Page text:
Michael Fallon was very careful indeed to push the issue of military action against Isis in Syria in as gentle a fashion as possible when he came to the Chamber this afternoon. The Defence Secretary told MPs the government knew that Isis is running its operations from North Syria, and he again made the argument about the illogicality of sticking to borders that the terror group doesn’t recognise.
His attempts not to further agitate those Tory MPs sitting behind him were interesting, but what was more interesting was the Labour response to the statement, in which Vernon Coaker made it clear that his party would be regarding potential action in Syria with a great degree more sympathy than it did for the previous proposal of potential action in Syria.
The Shadow Defence Secretary told the House of Commons that ‘we stand ready to work with the government to defeat Isil, and will carefully consider any proposals that the Government decide to bring forward’. He set out conditions for support, which are as follows:
1. The government must be clear about the difference the action will make to the objective of defeating Isis.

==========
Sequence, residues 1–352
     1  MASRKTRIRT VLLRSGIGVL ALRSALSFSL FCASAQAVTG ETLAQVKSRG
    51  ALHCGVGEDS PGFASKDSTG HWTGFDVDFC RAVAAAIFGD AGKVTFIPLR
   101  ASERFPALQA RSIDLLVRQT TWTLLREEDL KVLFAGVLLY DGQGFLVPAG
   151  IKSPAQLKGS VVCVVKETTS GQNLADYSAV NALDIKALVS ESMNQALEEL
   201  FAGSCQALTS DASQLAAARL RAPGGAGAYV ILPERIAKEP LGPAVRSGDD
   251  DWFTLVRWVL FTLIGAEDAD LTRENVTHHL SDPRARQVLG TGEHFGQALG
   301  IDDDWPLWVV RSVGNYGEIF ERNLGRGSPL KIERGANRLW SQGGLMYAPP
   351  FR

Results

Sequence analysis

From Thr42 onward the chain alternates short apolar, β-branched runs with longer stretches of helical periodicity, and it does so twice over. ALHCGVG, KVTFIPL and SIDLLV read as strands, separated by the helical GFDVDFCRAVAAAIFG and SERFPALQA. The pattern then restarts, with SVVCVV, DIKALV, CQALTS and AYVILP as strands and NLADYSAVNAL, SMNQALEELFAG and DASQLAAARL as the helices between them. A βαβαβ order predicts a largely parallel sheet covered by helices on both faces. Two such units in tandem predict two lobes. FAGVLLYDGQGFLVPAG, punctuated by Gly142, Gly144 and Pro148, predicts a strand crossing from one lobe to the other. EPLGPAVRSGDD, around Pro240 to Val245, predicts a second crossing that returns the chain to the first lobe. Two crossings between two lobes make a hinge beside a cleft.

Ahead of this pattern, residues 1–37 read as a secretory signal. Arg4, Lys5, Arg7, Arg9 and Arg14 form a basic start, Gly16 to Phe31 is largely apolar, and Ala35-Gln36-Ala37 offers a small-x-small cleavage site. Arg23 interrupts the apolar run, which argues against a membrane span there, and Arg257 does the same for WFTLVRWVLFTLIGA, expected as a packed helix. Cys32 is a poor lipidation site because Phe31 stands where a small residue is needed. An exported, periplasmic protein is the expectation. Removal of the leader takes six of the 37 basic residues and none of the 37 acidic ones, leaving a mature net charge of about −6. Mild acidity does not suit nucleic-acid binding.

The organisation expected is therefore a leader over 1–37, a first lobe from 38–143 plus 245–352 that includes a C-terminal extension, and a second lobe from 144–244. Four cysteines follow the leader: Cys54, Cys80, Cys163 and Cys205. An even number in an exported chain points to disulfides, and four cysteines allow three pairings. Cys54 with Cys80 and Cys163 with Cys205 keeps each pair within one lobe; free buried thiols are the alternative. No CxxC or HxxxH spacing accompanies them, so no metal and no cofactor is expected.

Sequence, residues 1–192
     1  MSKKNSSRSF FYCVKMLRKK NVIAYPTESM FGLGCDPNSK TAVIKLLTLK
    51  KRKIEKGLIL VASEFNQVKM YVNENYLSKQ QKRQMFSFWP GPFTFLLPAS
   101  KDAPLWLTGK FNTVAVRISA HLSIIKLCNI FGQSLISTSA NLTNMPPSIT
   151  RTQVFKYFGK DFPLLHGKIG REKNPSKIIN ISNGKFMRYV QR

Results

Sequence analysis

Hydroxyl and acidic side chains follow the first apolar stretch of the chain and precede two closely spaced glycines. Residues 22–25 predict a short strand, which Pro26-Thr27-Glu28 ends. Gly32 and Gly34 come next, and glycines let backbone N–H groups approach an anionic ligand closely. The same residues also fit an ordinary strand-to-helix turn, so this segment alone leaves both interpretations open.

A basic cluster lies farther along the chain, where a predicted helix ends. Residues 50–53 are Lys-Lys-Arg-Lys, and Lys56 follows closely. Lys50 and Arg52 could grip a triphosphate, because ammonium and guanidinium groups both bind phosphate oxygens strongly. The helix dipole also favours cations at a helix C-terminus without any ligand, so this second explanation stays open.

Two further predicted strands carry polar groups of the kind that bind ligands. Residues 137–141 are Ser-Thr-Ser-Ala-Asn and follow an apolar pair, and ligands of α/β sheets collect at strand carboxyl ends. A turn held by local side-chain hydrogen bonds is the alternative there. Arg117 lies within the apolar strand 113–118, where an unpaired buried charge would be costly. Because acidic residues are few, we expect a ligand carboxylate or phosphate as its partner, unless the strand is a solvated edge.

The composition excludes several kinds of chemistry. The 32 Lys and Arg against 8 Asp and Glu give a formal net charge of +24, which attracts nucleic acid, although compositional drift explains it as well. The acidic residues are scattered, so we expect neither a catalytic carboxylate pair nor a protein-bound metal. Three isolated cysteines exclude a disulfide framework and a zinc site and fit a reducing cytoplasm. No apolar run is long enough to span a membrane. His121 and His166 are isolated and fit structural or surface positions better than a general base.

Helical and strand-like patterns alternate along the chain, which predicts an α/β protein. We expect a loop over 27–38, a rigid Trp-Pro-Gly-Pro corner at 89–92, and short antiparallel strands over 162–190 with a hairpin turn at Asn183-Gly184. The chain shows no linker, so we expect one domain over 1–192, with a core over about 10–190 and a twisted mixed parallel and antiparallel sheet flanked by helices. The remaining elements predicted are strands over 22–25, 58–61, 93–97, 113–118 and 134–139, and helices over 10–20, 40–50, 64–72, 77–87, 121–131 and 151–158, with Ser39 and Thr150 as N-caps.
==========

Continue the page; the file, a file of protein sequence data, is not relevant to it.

2. There must be clarity about the nature of the action.
3. We need to know the legal basis for this action.
4. The action must command the support of other nations in the region, including Iraq and the coalition already taking action in Syria.
He was later given an opportunity to elaborate further on how sympathetic he was to military intervention when Alex Salmond suggested that Labour was abandoning its opposition to intervention in Syria. Coaker pointed out that this was a different question involving action against different people (indeed, this point was made by a number of MPs who are considerably less sympathetic to military action), and said that Labour would only give its support on the basis of those conditions.
Those conditions are helpful from Labour, as they do mean that should the government satisfy them, it can reasonably expect the Opposition’s support in the lobbies, rather than a last-minute change of heart. But satisfying them is challenging, as the debate on the issue showed. MPs seemed rather less keen generally to discuss the points made by Coaker about the difference action could make to defeating Isis, and more keen to talk about the importance of rebranding the terror group Daesh. Language is indeed a powerful thing, but perhaps the reason MP after MP stood up to talk about this rather than the complexities of any military intervention is more that renaming the group helps parliamentarians here feel a little more powerful than they are.